Archive: 10/7/2005

New way to measure sulfate particles

The University of Maryland and the National Institute of Standards and Technology created an improved technique to measure sulfur isotopic ratios.

Oct 07, 2005
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Arctic Ocean waters warm suddenly

Water flowing from the North Atlantic Ocean into the Arctic provides evidence that the Arctic Ocean is warming, according to U.S. and European researchers.

Oct 07, 2005
3.5 / 5 (8) 0

Nano World: Ultra-dense circuits

Conventional electronics could in the future tap into the computational power of ultrahigh-density nanowire circuits via novel linking devices under development at university and corporate labs across the nation, experts ...

Oct 07, 2005
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Nuke test detectors might warn of tsunami

Hydrophone stations in the world's oceans used to detect nuclear testing might help in an early warning system for tsunamis, say U.S. researchers.

Oct 07, 2005
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Energy savings from airtight buildings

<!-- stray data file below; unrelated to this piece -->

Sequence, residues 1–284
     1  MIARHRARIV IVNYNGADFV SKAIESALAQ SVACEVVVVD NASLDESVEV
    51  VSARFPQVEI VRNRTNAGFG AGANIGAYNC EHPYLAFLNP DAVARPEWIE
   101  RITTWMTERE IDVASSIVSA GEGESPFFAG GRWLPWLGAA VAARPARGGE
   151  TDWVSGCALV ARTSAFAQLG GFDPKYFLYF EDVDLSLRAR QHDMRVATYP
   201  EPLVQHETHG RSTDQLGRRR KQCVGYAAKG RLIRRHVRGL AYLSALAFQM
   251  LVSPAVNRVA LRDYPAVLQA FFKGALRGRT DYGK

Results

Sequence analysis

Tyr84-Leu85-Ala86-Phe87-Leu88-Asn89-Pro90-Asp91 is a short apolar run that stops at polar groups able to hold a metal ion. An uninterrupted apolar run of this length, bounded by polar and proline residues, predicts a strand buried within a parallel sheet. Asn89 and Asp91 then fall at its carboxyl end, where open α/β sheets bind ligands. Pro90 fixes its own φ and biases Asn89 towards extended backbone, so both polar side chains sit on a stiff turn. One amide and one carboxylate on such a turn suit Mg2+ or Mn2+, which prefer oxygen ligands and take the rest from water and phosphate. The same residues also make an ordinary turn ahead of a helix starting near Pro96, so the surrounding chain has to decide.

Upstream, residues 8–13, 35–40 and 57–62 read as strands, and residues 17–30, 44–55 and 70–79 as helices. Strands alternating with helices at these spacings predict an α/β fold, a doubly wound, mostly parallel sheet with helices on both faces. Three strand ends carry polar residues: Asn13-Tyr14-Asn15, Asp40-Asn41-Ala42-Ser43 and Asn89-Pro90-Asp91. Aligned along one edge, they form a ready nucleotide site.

U.S. commercial building owners could save substantially on annual heating and cooling energy costs by making buildings more airtight.

Oct 07, 2005
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Ocean height indicator of climate

U.S. and Canadian authors say an index of sea surface heights gathered by satellites could be a useful indicator of long-term climate cycles.

Oct 07, 2005
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Wafer-Thin Color Displays for Packaging

Color displays may one day be used practically everywhere. And this would be possible even where it’s unprofitable today for cost reasons, such as on food cartons, medicine packaging or admission tickets. ...

Oct 07, 2005
4.9 / 5 (30) 0

Switching on power line Internet connectivity

One in five Europeans today enjoy broadband Internet access via competing technologies. Low-cost and fast data access over electricity network power lines is one such technology that is being extensively tested in four European ...

Oct 07, 2005
5 / 5 (2) 0

Pushing the limits of hard disk storage

Just how much data can we cram onto a hard disk? In a paper appearing online today in Physical Review Letters, EPFL (Ecole Polytechnique Federale de Lausanne) Professor Harald Brune and his colleagues report what they believ ...

Oct 07, 2005
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Biggest recorded earthquake was brewing for four centuries

The earthquake that rocked Chile in 1960 - at magnitude 9.5, the biggest ever recorded - was preceded by almost 400 years of accumulating stress, according to studies of the region's buried soils and sand. Strain had been ...

Oct 07, 2005
3.8 / 5 (40) 0